The relevance of the financial channel
The result above challenges those by Fischer and Springborn (2011) and Annicchiarico and Dio (2015), who find that the welfare performance of cap-and-trade schemes is quantitatively very similar to the one of carbon taxes. These works, however, do not consider the role played by financial markets. We argue that financial distortions are a key driver for the welfare gap between the two environmental policies. A cap-and-trade scheme, in fact, due to its countercyclical properties, strongly reduces the financial acceleration effects in business cycle fluctuations induced by the possibility for firms to borrow from banks and to default thus reducing the welfare costs of the shocks.
Chart 2 shows the importance of the financial channel in explaining the welfare difference between the two policies: as the risk of firms’ default rises, banks raise the interest rate charged on loans. This causes producers to reduce their borrowing – the channel through which financial accelerator effects materialise – and leverage to decrease. As a result, the welfare costs of the business cycle converge under the two alternative environmental policies: when the financial accelerator mechanism weakens, welfare costs fall (more intensively under the tax scenario in which financial effects are wider) and the welfare gap between policy regimes narrows. These findings indicate strong interactions between financial markets and climate policies throughout the business cycle.
Chart 2: Welfare costs of the business cycle over different values of risk and leverage
The role of a countercyclical macroprudential regulation
Due to the role played by financial markets, we should consider if there are policy interventions that financial regulators can implement to reduce the uncertainty surrounding the functioning of carbon-pricing policies throughout the business cycle.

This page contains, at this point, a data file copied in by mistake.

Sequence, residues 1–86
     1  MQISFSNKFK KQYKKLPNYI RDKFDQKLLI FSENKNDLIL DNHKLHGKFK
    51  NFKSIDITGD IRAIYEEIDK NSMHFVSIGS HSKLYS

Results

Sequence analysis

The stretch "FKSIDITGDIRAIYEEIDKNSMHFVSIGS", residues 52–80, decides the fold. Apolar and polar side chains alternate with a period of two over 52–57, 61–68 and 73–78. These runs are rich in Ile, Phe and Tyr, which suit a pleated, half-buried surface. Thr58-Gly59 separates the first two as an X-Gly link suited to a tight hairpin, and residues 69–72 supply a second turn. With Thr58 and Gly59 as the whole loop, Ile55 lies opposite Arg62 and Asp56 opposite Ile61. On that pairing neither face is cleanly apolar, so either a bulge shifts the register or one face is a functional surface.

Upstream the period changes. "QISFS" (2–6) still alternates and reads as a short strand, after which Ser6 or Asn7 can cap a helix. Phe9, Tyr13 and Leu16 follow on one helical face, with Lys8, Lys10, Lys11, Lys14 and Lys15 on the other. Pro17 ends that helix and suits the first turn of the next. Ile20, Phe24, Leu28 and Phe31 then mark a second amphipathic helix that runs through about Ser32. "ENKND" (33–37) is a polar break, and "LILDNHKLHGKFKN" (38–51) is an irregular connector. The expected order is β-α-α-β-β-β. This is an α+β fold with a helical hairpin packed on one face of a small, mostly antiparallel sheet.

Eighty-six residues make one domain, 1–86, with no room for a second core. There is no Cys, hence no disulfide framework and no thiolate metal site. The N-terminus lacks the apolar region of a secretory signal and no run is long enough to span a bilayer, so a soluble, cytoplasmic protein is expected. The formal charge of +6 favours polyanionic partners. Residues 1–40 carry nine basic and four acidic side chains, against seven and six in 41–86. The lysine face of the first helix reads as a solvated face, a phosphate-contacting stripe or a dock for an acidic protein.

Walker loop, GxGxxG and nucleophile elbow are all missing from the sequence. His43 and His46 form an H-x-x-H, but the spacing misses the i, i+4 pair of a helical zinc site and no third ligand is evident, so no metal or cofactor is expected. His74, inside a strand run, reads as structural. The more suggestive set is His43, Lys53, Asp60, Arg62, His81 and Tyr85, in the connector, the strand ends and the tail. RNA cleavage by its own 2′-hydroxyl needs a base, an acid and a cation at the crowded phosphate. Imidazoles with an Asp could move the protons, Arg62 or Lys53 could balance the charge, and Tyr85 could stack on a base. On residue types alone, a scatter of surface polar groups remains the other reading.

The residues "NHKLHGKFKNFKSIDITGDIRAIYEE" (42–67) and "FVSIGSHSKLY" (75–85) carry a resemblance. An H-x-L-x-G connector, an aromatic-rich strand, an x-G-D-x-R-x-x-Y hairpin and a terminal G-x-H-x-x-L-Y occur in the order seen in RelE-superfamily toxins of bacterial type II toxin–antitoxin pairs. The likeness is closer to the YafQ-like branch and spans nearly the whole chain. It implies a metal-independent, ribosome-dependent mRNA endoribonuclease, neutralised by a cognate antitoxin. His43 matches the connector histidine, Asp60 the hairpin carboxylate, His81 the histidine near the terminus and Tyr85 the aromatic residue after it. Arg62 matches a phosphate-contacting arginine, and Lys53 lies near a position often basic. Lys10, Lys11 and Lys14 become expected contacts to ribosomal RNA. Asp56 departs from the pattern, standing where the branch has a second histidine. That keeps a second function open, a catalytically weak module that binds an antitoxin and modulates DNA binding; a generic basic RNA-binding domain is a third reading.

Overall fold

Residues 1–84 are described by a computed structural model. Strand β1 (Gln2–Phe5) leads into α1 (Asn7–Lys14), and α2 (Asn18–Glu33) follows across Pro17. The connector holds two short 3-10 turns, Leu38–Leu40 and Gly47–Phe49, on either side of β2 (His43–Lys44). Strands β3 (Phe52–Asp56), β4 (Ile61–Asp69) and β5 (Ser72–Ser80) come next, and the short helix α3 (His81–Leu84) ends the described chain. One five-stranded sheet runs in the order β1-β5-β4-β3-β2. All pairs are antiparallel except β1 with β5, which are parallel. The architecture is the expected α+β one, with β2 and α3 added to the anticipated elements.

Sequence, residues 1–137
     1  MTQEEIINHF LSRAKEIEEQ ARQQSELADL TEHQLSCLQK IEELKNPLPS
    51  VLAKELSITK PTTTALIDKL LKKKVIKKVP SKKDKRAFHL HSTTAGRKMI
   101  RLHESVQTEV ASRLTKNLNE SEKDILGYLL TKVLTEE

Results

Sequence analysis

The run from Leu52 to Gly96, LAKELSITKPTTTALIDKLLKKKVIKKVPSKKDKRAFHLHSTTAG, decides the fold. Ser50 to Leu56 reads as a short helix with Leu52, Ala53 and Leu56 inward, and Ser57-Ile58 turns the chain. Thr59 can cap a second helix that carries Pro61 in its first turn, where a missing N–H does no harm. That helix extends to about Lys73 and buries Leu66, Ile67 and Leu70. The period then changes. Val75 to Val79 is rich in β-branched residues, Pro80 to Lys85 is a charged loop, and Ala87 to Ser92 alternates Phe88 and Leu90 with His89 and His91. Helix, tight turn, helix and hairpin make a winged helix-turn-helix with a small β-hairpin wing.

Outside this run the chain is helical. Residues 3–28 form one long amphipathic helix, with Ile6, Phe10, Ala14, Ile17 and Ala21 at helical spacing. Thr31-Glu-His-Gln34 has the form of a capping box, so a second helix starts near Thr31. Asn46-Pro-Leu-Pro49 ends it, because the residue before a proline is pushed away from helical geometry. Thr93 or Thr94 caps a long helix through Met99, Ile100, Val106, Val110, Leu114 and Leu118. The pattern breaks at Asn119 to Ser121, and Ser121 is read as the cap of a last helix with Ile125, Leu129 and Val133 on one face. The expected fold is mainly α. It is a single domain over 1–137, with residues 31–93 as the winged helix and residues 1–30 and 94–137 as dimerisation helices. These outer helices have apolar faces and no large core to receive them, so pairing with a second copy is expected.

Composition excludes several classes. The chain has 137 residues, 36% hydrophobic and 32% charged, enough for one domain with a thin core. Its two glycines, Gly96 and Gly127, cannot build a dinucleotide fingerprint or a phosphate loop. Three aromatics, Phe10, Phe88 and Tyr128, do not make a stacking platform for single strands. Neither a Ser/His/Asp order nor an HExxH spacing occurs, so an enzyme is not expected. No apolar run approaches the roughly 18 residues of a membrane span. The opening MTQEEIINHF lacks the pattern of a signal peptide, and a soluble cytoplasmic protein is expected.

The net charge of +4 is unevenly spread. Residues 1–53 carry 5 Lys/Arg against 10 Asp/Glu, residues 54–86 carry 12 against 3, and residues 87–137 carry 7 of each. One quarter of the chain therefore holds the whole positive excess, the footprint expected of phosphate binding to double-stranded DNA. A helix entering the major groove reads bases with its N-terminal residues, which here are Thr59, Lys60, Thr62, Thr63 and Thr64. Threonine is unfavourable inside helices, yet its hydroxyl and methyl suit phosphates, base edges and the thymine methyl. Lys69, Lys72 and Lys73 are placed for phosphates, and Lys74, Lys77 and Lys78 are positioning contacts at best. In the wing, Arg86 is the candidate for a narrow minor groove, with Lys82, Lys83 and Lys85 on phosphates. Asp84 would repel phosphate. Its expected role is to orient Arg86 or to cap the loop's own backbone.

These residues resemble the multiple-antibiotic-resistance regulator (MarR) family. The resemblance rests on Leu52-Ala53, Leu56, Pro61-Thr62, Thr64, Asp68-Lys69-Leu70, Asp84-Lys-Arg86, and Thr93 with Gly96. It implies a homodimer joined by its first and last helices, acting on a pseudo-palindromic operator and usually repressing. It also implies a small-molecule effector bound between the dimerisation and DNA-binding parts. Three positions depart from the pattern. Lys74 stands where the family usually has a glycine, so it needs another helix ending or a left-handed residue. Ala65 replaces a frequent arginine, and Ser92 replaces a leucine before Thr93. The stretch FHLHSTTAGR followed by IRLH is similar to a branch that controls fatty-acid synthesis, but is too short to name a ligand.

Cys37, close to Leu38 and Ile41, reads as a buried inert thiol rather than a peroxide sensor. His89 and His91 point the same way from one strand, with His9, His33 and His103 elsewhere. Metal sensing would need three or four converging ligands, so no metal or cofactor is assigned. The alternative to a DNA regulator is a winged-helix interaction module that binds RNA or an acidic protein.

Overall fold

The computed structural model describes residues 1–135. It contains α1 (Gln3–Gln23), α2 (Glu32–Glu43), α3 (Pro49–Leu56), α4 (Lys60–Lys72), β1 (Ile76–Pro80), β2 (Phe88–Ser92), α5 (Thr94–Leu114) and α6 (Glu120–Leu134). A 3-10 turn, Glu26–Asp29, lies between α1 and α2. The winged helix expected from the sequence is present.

In Table A we report our estimates of welfare costs under different policy scenarios. The first line shows the results for the ‘Benchmark’ case, in which the cap is binding and the tax rate is fixed. The second line reports the results for the case in which the emission cap and the tax are flexible and react to business cycle shocks to minimise welfare costs (‘Optimal environmental policy’). The other lines report the welfare costs when climate policies are implemented alongside specific types of macroprudential policies, (see for example, Leduc and Natal (2018)). These policies can take the form of interest rate subsidies to depositors (‘Optimal subsidy’) or reserve requirements which limit the funds that banks can convert into loans. In the latter case banks are required to hold a fraction of their funds in reserves, which are assumed to be in ‘cash’ and earn a zero rate of return. This fraction can be pre-defined (‘Static macroprudential policy’) or can adjust countercyclically in response to changes in credit growth or asset prices (lines five and six of Table A).
Table A: Welfare costs of the business cycle under different scenarios (in % of consumption lost compared to an economy not subject to economic fluctuations)
|Optimal environmental policy||0.4528||1.1811|
|Static macroprudential policy||0.1957||0.3863|
|Optimal macroprudential policy – credit growth||0.1207||0.3231|
|Optimal macroprudential policy – asset price||0.1807||0.2310|
We can see that when environmental policies are set optimally the welfare costs are lower but the welfare gap between them persists, since no policy adjustment can fully weaken the strength of the financial channel or address financial frictions. Countercyclical macroprudential policies, instead, have the potential to both reduce the welfare costs and realign the welfare performance of the environmental policies. Specifically, a dynamic subsidy to depositors protects households from fluctuations in consumption, encouraging saving when credit declines and discouraging it when credit increases. Reserve requirements of different types, instead, reduce firms’ risk-taking and the amount of credit in the economy. Overall, countercyclical macroprudential policies can dampen cycles and can reduce the procyclicality of carbon taxes, partially replicating the countercyclical effect observed with a cap-and-trade scheme.
Our results show that financial regulators can potentially support governments who are implementing climate policies by creating a more favourable welfare environment. Macroprudential policies, even without any green-biased component, can help align the performance of different carbon-pricing schemes by mitigating the negative impacts of financial frictions and promoting economic stability. This would make it easier for governments to adopt a broader range of climate policy instruments.
Francesca Diluiso works in the Bank’s Structural Economics Division, Barbara Annicchiarico works at Roma Tre University and Marco Carli works at the Tor Vergata University.